Now though softskin/transport losses were severe the key fact for our purpose is that only 2 Churchills and 2 M10’s were lost. It appears this attack resulted in the award of 3 KC’s for the destruction of 22 tanks.
“2. Leutnant Friederich Anding-18 kills Friederich received his KC for the destruction of 6 tanks and 5 armored vehicles (so says his Verleihungsvorschlag zum Ritterkreuz), as adjutant of the Pz. Jg. Abt. Großdeutschland (commander of the battalion was Maj. Walle) on 8 May 1945. This action took place in northern Germany (more specifically in Stadensen) on 14-15 April. The battalion was attacked by a large number of enemy tanks and armored vehicles. Major Walle (9 destroyed tanks), Leutnant Anding and Obergefreiter Stützle (7 destroyed tanks) received KCs for their actions”
The action at Stadensen is covered in the German book “Krieg in der Heimat – Das bittere Ende zwischen Weser und Elbe” by Ulrich Saft, page 248-258. Those 10 pages are mostly based on the accounts of German survivours of that battle.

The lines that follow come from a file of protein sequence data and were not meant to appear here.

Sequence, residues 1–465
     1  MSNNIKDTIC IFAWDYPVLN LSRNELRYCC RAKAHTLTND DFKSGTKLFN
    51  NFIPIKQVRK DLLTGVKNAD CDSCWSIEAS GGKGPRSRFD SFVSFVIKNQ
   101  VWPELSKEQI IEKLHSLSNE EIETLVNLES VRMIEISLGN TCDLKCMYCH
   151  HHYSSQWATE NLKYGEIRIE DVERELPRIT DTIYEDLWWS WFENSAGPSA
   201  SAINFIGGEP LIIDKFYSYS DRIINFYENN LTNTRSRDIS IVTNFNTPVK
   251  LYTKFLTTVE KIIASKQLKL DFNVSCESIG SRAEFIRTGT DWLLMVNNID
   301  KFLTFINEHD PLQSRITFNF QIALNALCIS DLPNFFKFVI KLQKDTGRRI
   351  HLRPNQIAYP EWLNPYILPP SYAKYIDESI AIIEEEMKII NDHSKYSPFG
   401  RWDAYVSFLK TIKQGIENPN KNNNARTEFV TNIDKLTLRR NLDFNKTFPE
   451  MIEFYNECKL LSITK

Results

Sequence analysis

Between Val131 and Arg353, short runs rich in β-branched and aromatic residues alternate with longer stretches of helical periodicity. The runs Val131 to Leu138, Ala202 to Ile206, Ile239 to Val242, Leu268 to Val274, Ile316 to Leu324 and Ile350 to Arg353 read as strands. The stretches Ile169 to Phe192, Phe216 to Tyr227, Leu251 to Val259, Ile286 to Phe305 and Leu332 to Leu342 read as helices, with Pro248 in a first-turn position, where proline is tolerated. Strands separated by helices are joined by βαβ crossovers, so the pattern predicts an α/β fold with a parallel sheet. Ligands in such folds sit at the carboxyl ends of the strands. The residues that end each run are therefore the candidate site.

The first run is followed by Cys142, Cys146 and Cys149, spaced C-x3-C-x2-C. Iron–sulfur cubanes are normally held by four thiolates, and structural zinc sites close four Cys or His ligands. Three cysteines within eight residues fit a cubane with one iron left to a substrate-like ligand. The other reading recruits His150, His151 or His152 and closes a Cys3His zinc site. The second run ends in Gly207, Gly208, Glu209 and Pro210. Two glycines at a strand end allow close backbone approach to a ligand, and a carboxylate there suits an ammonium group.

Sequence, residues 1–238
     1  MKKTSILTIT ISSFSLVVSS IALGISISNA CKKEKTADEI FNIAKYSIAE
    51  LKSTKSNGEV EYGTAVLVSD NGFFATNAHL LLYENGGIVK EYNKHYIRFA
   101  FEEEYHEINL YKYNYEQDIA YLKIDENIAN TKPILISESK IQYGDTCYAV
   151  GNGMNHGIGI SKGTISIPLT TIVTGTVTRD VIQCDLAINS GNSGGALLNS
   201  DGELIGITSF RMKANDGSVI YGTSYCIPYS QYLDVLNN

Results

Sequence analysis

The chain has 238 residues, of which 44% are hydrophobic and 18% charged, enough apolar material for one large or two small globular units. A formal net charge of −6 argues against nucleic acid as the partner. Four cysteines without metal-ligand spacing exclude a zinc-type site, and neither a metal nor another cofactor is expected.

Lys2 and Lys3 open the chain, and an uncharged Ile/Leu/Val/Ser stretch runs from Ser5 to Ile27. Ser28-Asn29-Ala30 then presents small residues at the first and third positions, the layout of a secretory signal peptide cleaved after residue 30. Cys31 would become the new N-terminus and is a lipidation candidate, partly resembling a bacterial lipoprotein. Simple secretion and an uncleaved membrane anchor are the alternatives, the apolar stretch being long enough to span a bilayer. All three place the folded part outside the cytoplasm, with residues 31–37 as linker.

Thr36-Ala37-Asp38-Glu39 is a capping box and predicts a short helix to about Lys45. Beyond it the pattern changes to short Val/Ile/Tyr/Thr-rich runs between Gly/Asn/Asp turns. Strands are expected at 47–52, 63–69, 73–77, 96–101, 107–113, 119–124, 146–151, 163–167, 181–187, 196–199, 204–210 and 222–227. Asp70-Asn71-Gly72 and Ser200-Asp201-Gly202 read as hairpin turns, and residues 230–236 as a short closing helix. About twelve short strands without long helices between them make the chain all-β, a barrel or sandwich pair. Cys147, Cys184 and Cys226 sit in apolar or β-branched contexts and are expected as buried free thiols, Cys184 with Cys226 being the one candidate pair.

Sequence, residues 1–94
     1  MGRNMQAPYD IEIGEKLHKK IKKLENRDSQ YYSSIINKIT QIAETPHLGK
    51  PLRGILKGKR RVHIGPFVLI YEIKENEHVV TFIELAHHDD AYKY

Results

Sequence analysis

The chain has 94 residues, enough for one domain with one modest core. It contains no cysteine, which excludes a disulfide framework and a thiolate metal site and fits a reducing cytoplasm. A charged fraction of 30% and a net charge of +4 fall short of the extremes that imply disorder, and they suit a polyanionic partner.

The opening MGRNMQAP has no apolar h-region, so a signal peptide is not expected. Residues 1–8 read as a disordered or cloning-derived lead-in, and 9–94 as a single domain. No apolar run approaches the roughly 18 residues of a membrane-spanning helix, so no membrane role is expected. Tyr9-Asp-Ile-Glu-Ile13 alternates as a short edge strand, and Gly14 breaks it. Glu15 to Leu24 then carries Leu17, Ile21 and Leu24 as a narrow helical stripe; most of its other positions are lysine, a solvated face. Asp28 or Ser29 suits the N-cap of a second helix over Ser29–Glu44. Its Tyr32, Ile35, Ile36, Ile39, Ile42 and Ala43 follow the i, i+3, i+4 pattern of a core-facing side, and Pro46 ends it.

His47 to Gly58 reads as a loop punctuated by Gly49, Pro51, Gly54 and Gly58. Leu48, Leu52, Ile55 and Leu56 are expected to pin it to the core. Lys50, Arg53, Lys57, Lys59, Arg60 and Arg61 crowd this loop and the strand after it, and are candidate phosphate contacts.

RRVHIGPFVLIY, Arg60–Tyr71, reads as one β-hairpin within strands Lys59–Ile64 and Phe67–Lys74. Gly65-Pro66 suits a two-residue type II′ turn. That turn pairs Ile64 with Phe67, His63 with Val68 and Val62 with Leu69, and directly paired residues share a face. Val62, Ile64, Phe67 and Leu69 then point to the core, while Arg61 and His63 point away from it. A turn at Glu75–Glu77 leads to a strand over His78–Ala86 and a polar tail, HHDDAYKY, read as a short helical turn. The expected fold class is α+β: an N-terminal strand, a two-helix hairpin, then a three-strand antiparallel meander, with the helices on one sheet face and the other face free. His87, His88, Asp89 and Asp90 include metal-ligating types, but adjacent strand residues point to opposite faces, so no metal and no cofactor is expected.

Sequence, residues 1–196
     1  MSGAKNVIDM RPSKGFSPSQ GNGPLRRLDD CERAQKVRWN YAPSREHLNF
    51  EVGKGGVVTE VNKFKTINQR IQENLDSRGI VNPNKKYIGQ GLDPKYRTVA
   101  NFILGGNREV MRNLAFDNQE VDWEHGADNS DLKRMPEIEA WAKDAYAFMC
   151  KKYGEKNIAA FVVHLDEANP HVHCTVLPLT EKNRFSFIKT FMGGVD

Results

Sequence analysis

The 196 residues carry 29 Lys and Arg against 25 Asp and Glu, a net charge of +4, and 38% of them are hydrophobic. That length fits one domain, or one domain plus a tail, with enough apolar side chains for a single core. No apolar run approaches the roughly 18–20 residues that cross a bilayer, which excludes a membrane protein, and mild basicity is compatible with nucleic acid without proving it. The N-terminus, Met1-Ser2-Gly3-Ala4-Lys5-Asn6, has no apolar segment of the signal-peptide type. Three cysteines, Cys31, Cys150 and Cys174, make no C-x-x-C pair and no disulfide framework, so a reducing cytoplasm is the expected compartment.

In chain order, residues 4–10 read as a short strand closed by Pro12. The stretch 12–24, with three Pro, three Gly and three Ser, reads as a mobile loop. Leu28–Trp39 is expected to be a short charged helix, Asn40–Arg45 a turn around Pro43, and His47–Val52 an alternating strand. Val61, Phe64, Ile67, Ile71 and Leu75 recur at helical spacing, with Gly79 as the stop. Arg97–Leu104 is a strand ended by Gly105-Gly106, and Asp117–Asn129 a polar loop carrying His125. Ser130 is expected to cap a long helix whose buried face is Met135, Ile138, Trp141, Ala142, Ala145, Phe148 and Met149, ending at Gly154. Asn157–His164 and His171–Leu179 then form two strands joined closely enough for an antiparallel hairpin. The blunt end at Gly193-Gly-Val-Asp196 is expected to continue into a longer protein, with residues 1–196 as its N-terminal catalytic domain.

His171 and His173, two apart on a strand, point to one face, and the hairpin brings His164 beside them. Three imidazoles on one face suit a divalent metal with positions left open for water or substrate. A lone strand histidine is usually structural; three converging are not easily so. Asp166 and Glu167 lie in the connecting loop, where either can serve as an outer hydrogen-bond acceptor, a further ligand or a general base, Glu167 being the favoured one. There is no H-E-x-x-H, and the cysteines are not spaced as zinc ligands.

Panzer-Division Clausewitz and Infanterie-Division Schill, were two of the last divisions of the German Army formed in World War II. Both of these divisions were scratch formations thrown together in April 1945 as last-ditch attempts to field combat worthy units from stragglers, training units, and remnants of other shattered frontline formations. Both divisions were summarily attached to the General Wenck’s 12. Armee, the formation given the distinction of being ordered by Hitler to free Berlin from Soviet encirclement in late April. Panzer-Division Clausewitz was engaged mostly in the West, battling the advancing British and American forces, while Schill operated mostly in the East, defending against Soviet incursions near Potsdam and Brandenburg.